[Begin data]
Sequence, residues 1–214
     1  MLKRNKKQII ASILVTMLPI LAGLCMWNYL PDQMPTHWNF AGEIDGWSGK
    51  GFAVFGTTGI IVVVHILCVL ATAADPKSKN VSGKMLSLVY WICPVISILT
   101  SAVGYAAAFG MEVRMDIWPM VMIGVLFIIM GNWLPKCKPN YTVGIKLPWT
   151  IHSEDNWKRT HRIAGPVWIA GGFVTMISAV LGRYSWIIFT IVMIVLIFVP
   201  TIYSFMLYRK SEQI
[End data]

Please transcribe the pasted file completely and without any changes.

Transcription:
Sequence, residues 1–214
     1  MLKRNKKQII ASILVTMLPI LAGLCMWNYL PDQMPTHWNF AGEIDGWSGK
    51  GFAVFGTTGI IVVVHILCVL ATAADPKSKN VSGKMLSLVY WICPVISILT
   101  SAVGYAAAFG MEVRMDIWPM VMIGVLFIIM GNWLPKCKPN YTVGIKLPWT
   151  IHSEDNWKRT HRIAGPVWIA GGFVTMISAV LGRYSWIIFT IVMIVLIFVP
   201  TIYSFMLYRK SEQI